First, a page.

Alarm bells went off after reading Mark Quinn’s Viewpoint (TNT, 4-28) on the forest management rules proposed by the U.S. Forest Service.
I am shocked that in the midst of the Obama administration’s advocacy for the use of best available science – a great reprieve from the attempts to shove science in the closet by the previous administration – these rules only call for forest managers to “take into account” best available science.
While I appreciate that this is the first time they’ve attempted to update the existing regulations in my lifetime, I am bewildered as to the scaling back of management principles for all native species and lack of buffering minimums for water bodies that lead through our communities providing recreation, drinking water and the quality of life that Washingtonians expect. Climate change alone is a reason to make an update.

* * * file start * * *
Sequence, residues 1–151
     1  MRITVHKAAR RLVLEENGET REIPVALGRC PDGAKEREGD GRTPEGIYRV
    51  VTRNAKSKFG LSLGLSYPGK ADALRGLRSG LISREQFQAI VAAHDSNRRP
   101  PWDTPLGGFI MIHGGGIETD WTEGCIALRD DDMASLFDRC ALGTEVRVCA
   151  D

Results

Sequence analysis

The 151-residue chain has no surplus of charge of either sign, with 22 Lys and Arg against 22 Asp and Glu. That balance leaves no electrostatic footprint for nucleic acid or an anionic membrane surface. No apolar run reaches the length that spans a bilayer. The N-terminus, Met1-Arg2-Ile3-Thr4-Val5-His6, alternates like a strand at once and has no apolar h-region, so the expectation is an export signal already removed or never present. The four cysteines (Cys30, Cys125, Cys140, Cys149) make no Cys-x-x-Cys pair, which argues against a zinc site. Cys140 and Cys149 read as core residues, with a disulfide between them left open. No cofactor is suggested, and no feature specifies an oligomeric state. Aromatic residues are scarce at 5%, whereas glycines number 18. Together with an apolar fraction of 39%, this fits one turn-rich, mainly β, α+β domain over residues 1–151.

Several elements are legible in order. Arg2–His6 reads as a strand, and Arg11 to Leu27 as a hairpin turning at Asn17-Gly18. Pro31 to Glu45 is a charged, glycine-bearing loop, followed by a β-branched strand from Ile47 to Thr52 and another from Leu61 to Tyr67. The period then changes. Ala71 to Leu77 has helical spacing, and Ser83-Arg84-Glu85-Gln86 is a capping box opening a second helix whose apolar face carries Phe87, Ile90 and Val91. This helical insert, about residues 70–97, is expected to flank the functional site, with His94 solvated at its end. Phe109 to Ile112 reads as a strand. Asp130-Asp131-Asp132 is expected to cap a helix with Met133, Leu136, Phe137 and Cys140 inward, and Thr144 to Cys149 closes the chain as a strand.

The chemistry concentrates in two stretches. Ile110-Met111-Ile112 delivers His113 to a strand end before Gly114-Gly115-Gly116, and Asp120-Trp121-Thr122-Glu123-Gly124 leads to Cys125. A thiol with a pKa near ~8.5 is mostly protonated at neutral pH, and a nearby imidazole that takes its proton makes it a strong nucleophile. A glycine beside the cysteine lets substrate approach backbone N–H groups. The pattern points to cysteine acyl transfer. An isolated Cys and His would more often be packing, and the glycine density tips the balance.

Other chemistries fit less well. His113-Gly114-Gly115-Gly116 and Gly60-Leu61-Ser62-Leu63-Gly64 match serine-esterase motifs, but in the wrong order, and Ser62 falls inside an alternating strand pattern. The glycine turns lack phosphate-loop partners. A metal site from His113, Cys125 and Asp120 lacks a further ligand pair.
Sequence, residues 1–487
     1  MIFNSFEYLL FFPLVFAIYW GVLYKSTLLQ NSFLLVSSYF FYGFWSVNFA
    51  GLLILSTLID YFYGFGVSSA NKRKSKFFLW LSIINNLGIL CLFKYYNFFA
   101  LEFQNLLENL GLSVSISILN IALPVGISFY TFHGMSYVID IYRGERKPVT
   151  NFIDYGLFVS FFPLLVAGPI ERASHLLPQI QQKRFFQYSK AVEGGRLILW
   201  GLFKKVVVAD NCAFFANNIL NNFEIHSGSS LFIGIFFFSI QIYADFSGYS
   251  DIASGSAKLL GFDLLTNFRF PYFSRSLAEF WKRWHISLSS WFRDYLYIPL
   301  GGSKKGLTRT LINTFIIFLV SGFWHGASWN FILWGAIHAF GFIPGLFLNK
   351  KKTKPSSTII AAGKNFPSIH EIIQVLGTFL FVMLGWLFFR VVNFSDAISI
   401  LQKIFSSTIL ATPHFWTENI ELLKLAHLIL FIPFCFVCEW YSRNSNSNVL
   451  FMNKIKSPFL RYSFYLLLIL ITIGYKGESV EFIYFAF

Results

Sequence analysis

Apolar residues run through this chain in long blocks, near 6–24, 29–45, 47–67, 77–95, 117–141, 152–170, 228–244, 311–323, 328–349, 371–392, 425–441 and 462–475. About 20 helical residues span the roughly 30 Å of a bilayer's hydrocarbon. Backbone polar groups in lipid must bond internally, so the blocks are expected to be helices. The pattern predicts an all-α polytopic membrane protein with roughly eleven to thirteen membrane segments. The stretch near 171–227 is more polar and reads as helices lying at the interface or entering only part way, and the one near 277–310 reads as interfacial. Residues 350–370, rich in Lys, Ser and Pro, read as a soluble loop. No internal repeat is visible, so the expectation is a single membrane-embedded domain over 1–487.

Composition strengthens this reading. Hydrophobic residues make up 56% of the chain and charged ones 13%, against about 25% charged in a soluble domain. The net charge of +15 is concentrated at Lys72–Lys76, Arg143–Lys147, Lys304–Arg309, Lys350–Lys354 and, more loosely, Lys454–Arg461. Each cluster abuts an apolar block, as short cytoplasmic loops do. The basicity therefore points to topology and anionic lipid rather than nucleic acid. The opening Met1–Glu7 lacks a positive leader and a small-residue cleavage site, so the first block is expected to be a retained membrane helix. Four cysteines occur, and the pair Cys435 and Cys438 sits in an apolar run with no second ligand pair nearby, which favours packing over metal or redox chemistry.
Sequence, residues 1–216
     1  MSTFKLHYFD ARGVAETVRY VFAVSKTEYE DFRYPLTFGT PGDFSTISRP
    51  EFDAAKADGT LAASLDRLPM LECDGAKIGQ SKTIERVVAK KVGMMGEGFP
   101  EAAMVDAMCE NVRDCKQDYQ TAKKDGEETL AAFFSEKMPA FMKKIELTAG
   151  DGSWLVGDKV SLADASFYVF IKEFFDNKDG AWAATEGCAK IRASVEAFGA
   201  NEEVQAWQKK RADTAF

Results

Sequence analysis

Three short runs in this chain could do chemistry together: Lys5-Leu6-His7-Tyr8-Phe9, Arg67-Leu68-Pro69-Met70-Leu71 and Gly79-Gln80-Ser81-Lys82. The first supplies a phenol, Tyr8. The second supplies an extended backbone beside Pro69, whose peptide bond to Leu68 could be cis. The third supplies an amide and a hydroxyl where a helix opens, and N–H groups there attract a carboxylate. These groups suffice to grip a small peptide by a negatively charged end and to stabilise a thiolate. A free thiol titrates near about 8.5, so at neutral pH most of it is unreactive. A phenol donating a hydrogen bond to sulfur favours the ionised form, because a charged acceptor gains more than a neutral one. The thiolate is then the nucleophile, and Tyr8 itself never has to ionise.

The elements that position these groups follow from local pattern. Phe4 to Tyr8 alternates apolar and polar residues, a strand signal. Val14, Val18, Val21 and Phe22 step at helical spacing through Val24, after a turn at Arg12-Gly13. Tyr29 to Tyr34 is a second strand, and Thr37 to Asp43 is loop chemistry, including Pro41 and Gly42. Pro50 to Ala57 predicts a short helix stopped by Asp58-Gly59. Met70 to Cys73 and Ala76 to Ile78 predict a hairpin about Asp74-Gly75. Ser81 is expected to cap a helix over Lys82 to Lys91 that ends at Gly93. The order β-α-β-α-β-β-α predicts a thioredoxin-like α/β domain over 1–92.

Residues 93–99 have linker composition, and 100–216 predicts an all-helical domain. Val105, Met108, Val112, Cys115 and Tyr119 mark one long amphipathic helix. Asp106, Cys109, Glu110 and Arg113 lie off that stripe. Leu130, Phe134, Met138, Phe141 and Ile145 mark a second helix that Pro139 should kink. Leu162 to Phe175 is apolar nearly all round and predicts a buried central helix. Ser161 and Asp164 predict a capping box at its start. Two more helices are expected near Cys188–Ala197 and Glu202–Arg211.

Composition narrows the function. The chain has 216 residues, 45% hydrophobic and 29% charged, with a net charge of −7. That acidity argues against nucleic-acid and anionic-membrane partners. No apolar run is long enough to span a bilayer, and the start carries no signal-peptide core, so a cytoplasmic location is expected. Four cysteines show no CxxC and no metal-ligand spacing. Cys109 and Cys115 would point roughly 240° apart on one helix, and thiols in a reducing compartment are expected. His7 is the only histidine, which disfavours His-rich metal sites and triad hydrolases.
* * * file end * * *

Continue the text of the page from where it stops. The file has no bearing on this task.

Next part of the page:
I want stronger management for our national forests for the next 30 years, not less. I want the spaces our predecessors had the forethought to preserve to provide the same recreational opportunities and quality of life for not only my lifetime, but for future generations.
I’m not suggesting scaling back the timber industry that brought my family to this region nearly 100 years ago. I’m asking for the use of sound scientific principles in managing our public lands.